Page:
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Medical Publisher Offers Bribes for Writing Favorable Book Reviews
Sidney M. Wolfe, M.D.
We have often wondered about the legitimacy of the Amazon.com reviews of books, especially when they are mostly five-star reviews that appear to have been “planted” to increase the books’ sales on the ecommerce Web site, Amazon.com.
Thus, when a book publisher sends the following e-mail to contributors to a book with the following message, these concerns are significantly heightened:
Now that the book [Clinical Psychology: Assessment, Treatment, and Research] is published, we need your help to get some 5 star reviews posted to both Amazon and Barnes & Noble to help support and promote it. As you know, these online reviews are extremely persuasive when customers are considering a purchase. For your time, we would like to compensate you with a copy of the book under review as well as a $25 Amazon gift card.
The e-mail continued:
If you have colleagues or students who would be willing to post positive reviews, please feel free to forward this e-mail to them to participate. We share the common goal of wanting Clinical Psychology to sell and succeed. The tactics defined above have proven to dramatically increase exposure and boost sales. I hope we can work together to make a strong and profitable impact through our online bookselling channels.
One of the most surprising things about this was that the attempted bribe did not come from a small publisher whose financial success hinged on the big sales for the book.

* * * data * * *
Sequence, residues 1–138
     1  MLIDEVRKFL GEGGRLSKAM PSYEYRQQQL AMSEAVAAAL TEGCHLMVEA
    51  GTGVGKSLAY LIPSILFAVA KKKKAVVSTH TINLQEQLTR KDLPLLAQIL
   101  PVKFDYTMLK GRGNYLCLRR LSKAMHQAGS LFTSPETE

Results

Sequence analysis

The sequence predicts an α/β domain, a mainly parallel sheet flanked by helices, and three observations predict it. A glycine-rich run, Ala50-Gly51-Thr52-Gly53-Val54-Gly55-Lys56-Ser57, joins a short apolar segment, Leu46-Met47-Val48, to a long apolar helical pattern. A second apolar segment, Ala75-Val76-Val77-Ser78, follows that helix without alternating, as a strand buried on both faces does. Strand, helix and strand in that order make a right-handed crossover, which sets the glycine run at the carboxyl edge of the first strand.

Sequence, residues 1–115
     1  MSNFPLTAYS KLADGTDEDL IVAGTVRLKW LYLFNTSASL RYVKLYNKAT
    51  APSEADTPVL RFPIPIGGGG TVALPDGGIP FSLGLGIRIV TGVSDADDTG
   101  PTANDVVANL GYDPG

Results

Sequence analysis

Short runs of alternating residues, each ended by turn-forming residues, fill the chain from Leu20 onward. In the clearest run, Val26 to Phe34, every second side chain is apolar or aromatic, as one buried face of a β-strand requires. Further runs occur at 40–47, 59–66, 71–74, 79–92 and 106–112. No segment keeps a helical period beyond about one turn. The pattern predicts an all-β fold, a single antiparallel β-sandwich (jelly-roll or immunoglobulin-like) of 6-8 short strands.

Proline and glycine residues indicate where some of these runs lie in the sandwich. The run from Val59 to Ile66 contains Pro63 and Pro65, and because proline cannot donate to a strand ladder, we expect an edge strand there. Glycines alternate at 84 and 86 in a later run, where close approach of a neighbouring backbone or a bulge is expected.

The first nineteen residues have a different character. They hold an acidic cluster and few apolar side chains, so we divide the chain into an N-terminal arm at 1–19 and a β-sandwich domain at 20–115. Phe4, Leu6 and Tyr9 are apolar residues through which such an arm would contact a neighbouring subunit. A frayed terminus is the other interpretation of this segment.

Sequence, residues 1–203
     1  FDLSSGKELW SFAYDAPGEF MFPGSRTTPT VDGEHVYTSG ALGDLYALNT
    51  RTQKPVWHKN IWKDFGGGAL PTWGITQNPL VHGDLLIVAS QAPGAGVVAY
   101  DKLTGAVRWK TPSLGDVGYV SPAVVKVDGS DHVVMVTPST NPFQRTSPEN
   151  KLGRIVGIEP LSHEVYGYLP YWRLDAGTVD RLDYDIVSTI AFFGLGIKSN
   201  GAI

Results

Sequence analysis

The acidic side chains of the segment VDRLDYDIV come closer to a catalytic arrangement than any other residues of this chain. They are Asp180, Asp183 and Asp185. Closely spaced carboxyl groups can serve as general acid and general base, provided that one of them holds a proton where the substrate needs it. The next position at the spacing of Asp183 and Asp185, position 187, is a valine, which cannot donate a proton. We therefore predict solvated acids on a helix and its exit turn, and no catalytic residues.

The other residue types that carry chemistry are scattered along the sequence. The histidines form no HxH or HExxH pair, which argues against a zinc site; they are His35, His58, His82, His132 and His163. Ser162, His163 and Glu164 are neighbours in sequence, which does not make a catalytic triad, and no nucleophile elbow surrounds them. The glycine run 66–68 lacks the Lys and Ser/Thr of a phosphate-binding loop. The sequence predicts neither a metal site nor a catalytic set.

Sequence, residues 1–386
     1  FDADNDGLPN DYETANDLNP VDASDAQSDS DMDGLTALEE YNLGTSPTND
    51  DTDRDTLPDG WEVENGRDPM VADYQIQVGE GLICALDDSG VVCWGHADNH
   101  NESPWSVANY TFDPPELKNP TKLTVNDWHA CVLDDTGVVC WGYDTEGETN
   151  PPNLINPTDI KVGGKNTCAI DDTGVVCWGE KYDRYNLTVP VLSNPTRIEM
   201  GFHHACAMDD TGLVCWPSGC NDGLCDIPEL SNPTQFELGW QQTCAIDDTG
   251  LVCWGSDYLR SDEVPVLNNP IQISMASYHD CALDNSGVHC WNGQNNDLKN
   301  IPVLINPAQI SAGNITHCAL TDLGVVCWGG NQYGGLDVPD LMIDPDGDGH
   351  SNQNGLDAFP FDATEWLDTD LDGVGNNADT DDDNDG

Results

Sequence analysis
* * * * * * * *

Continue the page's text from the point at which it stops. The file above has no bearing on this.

Instead, the buyoff offer came from a multi-national company, Elsevier, described as “the world’s largest publisher of medical and scientific literature.” This Amsterdam-based company, founded in 1880, publishes 2,000 journals, and has published 17,000 books.
According to an article about this scam in the British Medical Journal, Elsevier said that “the email did not reflect company policy” and that it had been the “mistake” of an Elsevier employee.
However, in its defense, Elsevier stated that:
Encouraging interested parties to post book reviews isn’t outside the norm in scholarly publishing; nor is it wrong to offer to nominally compensate people for their time, some of these books are quite large. But in all instances the request should be unbiased, with no incentives for a positive review [such as a 5-star], and that’s where this particular email went too far.
But alas, the attempted bribe backfired. The only review for the new book Clinical Psychology found on the Amazon.com site gave it only one star, not five, explaining the low rating as follows:
“Elsevier publishing’s marketing department offered financial compensation in exchange for 5 star reviews of this book. Please be wary of reviews posted for this book.”
According to Amazon.com, “27 of 27 people found [this] review helpful.”